Three years after its unanimous adoption, several opposition groups are attempting to derail one of the most promising reforms in public education in decades.
The emerging argument about the common core standards is making headlines and creating unnecessary acrimony. It is our hope that we can state clearly what we know to be true and express unqualified support for Kentucky's educators as they implement these new, important standards.
First, what do we mean by "standards"? In simplest terms, they are the words we use to describe what children need to know and be able to do at each stage of their education.
Kentucky's General Assembly adopted Senate Bill 1 (2009) by a unanimous vote, directing the Department of Education and the Council on Postsecondary Education to work together to implement new K-12 standards that: are aligned with what our colleges and universities expect students to know in order to take credit-bearing courses upon admission and are benchmarked internationally so Kentucky students can compete against the world's best-educated students.
The standards clearly describe to teachers what students need to know and be able to do at the end of kindergarten, first grade, second grade, and all the way up to high school graduation. However, the decisions on how to teach a subject, what textbooks to use, what homework to assign, etc. (what we generally refer to as the curriculum) remain a local decision made by local teachers, school boards and site-based councils. For example, if the standards call for students to be able to multiply fractions by a certain grade level, it is up to our classroom teachers to decide how best to teach students to perform that skill.
As we began in 2009 to implement the directives in SB 1, the National Governors Association in partnership with the Council of Chief State School Officers (then led by Kentucky's former Education Commissioner Gene Wilhoit) announced their intention to develop a set of standards that could voluntarily be adopted by states that met the same criteria the Kentucky General Assembly had established six months earlier. That effort, originally inspired by mostly Republican governors, assembled the finest minds and most experienced educators in the nation to draft the new standards.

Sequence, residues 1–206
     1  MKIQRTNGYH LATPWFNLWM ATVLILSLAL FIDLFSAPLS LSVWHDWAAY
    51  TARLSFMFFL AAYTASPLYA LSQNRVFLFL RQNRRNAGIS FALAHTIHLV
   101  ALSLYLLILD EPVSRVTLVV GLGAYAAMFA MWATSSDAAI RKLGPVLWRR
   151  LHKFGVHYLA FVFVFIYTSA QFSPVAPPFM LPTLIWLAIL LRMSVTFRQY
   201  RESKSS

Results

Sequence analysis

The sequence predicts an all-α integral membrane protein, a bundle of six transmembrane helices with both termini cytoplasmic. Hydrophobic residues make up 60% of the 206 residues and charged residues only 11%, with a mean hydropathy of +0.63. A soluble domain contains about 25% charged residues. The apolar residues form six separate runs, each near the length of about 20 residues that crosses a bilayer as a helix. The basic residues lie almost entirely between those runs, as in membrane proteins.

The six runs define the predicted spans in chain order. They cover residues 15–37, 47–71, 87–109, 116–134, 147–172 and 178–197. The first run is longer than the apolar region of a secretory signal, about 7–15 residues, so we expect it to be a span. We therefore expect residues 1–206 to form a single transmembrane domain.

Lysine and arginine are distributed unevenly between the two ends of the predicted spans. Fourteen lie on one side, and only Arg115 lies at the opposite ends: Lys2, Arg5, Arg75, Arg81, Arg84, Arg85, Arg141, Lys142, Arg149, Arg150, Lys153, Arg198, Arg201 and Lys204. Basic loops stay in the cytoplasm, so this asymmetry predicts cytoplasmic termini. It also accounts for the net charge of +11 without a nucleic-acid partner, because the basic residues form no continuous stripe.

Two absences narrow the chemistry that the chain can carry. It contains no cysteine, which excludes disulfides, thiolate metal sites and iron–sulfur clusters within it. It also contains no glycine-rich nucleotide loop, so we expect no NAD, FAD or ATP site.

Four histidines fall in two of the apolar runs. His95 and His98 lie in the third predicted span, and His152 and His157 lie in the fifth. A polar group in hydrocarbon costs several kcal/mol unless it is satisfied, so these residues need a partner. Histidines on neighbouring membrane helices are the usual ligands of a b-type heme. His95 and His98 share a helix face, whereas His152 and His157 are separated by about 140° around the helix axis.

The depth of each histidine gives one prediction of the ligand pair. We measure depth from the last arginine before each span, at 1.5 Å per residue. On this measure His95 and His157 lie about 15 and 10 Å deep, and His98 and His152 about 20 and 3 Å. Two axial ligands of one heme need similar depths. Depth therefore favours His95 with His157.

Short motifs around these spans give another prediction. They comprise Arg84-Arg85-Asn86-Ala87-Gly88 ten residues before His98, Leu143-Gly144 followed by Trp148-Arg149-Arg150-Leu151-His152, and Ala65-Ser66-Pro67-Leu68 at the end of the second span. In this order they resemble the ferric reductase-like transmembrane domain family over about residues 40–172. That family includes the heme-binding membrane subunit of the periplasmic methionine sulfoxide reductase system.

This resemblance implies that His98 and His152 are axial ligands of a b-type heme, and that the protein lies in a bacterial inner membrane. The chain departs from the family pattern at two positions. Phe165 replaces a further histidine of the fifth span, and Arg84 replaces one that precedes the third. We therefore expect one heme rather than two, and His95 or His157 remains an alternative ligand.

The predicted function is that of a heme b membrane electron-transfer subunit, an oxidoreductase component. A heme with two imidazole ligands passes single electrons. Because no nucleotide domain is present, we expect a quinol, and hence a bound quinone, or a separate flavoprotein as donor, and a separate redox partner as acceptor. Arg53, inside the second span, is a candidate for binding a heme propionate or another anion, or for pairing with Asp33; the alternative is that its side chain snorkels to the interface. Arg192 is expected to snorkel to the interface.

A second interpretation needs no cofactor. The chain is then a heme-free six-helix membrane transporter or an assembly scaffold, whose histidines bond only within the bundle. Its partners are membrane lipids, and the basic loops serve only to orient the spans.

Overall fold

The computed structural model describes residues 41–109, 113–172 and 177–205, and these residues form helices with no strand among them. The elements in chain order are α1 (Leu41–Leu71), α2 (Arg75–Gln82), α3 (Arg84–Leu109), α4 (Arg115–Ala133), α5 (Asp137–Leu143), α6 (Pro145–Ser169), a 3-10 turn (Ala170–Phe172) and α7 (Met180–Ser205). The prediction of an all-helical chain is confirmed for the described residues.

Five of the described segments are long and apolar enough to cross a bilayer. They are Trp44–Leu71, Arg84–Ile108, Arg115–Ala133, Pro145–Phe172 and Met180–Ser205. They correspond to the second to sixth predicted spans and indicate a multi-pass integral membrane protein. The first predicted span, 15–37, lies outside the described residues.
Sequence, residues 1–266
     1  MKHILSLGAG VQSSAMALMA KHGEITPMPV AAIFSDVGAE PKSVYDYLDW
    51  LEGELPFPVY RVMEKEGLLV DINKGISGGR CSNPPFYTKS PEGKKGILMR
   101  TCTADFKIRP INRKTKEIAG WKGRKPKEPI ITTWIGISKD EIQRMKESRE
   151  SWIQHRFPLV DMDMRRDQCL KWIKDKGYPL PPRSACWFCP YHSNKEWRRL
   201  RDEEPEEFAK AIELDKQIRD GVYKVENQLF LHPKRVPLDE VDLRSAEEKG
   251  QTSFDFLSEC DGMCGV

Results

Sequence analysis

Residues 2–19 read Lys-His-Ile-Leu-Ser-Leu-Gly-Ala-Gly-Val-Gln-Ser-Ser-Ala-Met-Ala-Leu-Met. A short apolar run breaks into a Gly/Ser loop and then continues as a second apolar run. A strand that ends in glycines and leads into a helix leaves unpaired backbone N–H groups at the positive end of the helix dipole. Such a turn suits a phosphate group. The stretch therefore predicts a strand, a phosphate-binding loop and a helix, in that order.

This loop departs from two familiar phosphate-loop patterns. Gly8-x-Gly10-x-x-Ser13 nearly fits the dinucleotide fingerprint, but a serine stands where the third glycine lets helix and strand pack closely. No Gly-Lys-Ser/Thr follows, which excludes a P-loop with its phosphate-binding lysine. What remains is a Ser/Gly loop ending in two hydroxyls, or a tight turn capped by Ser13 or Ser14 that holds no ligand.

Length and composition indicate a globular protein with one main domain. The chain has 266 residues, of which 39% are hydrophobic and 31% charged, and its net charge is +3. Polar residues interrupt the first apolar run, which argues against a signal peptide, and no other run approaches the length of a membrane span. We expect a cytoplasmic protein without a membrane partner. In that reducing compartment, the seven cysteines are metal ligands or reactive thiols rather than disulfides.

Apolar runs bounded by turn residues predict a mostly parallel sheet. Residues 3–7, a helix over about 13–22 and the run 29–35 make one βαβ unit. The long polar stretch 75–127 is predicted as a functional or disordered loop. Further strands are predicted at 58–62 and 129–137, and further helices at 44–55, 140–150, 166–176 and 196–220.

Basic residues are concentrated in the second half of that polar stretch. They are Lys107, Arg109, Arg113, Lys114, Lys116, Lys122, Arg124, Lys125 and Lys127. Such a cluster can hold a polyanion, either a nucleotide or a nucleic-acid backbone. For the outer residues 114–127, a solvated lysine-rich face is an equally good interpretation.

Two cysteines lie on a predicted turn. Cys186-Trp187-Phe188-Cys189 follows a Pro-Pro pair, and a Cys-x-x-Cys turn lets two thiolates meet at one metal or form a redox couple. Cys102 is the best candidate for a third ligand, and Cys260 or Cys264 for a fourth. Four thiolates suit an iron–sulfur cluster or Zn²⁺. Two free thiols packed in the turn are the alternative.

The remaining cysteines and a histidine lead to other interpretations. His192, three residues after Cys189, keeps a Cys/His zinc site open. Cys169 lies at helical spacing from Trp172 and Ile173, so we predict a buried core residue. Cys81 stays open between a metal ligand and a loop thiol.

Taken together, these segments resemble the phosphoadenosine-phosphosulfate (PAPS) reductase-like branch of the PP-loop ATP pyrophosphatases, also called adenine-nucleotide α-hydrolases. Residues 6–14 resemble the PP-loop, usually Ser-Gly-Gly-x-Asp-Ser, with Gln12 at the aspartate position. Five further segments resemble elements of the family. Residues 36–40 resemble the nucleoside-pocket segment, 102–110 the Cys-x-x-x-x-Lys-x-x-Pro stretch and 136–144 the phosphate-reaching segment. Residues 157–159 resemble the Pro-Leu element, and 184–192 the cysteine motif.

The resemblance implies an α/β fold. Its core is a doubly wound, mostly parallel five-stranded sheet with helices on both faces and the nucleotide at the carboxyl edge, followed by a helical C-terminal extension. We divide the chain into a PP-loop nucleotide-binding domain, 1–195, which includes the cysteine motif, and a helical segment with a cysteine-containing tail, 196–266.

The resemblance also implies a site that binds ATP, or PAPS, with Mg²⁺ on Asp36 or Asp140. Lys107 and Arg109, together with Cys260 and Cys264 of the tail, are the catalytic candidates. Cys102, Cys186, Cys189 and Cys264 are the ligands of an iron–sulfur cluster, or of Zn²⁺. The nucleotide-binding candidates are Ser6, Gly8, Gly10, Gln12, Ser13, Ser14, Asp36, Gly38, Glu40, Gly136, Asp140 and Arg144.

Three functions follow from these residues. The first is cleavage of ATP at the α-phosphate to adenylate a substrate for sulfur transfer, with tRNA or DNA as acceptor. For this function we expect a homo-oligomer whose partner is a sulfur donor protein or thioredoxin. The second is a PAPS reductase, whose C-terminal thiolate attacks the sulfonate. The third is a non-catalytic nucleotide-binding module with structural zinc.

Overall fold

We decided to participate rather than expend several millions of tax dollars to develop our own separate standards. Kentucky's participation involved more than 100 collegiate faculty from our state universities and a like number of K-12 teachers. They reviewed drafts from the Chief State School Officers and offered numerous comments and suggestions, many of which were incorporated into the final version. Kentucky was the first in the nation to adopt the standards and implement them throughout our public education system.
Just three years into this effort, the results are promising. Thousands more students are meeting college readiness standards on the ACT exam, and the performance of students in the lower grades is beginning to reflect better learning outcomes than we have seen in the last few decades. In addition, Kentucky's teachers are widely supportive of the new standards and the guidance they are providing to help teachers know and understand what is expected of them and their students.
So what is the argument? There is a claim that the standards are the work of the federal government, forcing its education agenda on the states in a top-down manner. That is unequivocally false. The standards are the brainchild of the states, through the governors and chief state school officers, and the product of educators across Kentucky and elsewhere across the nation. It is true that the U.S. Department of Education supports implementation of the standards and has encouraged their adoption. But it is the federal government supporting a good idea that began in a few select states and quickly spread outward. In fact, Kentucky, as an early adopter and influence, has become a leader in this national movement, which should be a source of pride to Kentuckians.
So don't get cold feet, Kentucky. The common core standards are what our state and our students need. They will not solve every problem, but they will help.
As for the detractors, while honest debate is always welcome, creating arguments based on falsehoods diminishes the remarkable improvements your local teachers are creating for your kids.
Terry Holliday is Kentucky's education commissioner. Bob King is president of the Council on Postsecondary Education.